Background and objective: In Parkinson's disease (PD), wearing off and side effects of long-term medication and complications pose challenges for neurologists. Although Tai Chi is beneficial for many illnesses, its efficacy for PD remains uncertain. The purpose of this review was to evaluate the efficacy and safety of Tai Chi for PD.
Methods: Randomized controlled trials (RCTs) of Tai Chi for PD were electronically searched by the end of December 2013 and identified by two independent reviewers. The tool from the Cochrane Handbook 5.1 was used to assess the risk of bias. A standard meta-analysis was performed using RevMan 5.2 software.
Results: Ten trials with PD of mild-to-moderate severity were included in the review, and nine trials (n = 409) were included in the meta-analysis. The risk of bias was generally high in the blinding of participants and personnel. Improvements in the Unified Parkinson's Disease Rating Scale Part III (mean difference (MD) -4.34, 95% confidence interval (CI) -6.67--2.01), Berg Balance Scale (MD: 4.25, 95% CI: 2.83-5.66), functional reach test (MD: 3.89, 95% CI: 1.73-6.04), Timed Up and Go test (MD: -0.75, 95% CI: -1.30--0.21), stride length (standardized MD: 0.56, 95% CI: 0.03-1.09), health-related quality of life (standardized MD: -1.10, 95% CI: -1.81--0.39) and reduction of falls were greater after interventions with Tai Chi plus medication. Satisfaction and safety were high. Intervention with Tai Chi alone was more effective for only a few balance and mobility outcomes.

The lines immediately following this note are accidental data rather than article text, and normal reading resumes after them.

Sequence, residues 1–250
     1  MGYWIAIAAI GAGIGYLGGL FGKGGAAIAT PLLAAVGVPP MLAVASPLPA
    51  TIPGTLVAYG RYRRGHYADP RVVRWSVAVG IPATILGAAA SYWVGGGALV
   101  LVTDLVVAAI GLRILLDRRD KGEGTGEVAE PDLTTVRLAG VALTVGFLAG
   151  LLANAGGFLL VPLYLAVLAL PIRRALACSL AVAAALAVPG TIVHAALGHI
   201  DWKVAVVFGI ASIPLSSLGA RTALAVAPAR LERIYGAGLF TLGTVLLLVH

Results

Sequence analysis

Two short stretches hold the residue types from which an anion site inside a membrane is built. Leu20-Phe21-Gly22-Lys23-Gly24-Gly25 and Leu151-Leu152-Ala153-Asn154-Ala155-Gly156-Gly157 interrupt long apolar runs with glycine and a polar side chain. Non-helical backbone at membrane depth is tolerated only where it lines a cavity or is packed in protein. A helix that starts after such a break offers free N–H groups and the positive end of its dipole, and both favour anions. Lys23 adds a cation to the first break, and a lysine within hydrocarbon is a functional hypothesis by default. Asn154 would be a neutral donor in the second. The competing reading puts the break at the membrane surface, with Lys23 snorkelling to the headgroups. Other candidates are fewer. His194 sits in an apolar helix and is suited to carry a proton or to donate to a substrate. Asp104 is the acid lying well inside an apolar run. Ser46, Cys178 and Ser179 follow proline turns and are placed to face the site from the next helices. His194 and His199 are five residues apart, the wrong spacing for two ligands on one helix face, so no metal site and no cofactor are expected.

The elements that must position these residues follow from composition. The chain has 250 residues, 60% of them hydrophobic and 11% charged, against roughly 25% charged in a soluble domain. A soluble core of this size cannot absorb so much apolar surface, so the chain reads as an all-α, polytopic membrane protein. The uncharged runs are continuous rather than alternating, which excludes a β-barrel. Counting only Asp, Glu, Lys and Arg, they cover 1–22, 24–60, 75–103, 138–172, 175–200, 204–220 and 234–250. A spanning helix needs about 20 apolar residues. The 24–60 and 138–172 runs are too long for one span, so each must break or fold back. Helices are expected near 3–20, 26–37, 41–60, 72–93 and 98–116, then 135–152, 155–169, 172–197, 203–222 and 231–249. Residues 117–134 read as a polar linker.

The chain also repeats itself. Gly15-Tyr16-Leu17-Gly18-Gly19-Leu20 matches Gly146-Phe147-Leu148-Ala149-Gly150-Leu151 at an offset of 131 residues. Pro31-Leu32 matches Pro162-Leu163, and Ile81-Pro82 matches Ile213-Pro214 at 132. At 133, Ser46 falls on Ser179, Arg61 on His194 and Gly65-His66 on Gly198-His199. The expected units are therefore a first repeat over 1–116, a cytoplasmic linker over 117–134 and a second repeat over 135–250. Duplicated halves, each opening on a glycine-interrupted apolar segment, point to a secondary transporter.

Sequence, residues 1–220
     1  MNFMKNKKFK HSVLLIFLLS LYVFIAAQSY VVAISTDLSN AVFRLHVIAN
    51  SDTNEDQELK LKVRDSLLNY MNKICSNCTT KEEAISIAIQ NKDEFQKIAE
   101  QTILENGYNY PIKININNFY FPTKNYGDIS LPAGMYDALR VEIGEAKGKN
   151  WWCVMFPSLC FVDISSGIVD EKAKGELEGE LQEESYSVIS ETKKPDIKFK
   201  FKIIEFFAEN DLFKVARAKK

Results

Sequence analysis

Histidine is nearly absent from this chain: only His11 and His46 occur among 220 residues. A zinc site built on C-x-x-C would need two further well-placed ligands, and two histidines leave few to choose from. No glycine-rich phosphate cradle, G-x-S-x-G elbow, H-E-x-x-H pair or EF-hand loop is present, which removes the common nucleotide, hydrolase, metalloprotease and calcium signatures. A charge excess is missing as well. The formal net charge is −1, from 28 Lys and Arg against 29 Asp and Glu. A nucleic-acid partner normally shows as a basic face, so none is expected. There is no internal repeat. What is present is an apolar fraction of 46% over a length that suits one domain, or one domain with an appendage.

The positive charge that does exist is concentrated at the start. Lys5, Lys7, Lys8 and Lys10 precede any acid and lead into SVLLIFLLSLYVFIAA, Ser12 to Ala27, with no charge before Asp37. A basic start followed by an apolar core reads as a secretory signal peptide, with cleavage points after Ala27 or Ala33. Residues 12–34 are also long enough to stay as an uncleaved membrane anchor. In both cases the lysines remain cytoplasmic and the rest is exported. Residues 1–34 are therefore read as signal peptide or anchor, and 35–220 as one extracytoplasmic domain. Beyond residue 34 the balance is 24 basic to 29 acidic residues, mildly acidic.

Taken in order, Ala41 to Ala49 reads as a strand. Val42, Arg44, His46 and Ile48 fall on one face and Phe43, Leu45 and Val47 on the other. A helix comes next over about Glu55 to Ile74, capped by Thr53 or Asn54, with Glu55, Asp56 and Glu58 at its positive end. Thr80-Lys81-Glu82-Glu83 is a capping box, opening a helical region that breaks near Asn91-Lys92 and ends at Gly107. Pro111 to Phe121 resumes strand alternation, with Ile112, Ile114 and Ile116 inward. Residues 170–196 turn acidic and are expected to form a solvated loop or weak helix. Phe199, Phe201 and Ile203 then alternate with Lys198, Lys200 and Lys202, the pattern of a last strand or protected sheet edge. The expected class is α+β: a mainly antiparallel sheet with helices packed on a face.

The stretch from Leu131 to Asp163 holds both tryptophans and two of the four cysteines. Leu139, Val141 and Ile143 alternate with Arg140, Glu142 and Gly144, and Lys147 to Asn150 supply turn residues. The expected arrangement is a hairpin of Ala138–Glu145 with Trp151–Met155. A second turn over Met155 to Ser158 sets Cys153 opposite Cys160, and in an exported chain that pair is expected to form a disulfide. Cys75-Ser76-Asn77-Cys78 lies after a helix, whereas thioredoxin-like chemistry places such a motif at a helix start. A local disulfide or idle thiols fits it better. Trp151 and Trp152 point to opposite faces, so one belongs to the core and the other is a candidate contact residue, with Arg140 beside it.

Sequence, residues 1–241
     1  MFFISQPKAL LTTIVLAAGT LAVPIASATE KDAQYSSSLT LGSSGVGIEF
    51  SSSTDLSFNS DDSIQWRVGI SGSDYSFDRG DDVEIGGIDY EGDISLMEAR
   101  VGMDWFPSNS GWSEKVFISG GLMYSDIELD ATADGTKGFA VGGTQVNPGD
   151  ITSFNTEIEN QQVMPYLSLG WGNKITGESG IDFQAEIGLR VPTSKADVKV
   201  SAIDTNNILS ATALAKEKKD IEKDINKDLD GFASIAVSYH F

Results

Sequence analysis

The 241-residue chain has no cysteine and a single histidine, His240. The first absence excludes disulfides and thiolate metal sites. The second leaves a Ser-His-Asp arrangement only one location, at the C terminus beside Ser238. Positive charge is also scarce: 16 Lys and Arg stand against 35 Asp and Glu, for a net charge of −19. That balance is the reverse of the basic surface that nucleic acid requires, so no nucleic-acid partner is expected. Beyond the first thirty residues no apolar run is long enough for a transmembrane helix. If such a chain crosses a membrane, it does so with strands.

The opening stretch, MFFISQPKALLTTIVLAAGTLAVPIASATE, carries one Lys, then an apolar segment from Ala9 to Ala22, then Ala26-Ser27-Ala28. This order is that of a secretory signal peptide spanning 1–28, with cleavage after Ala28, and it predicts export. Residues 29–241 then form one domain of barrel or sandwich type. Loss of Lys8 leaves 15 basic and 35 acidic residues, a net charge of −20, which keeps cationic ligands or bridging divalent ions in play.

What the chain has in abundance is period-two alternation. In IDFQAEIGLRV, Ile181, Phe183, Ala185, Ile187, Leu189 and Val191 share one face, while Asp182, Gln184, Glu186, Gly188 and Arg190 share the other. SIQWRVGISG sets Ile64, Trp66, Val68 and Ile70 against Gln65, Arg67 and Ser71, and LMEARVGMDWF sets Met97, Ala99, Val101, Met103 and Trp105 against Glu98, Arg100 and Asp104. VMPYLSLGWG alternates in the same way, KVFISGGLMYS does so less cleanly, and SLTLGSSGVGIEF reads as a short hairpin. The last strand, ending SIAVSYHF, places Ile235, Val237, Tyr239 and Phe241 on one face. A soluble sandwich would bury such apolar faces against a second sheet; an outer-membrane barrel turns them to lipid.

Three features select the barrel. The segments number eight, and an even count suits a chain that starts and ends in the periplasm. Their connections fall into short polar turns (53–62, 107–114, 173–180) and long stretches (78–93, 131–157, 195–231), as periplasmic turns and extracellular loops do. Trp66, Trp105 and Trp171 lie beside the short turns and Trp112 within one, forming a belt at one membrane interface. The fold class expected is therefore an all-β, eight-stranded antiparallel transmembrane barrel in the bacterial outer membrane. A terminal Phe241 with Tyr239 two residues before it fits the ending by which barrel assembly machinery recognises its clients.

Conclusions: Tai Chi performed with medication resulted in promising gains in mobility and balance, and it was safe and popular among PD patients at an early stage of the disease. This provides a new evidence for PD management. More RCTs with larger sample size that carefully address blinding and prudently select outcomes are needed. PROSPERO registration number CRD42013004989.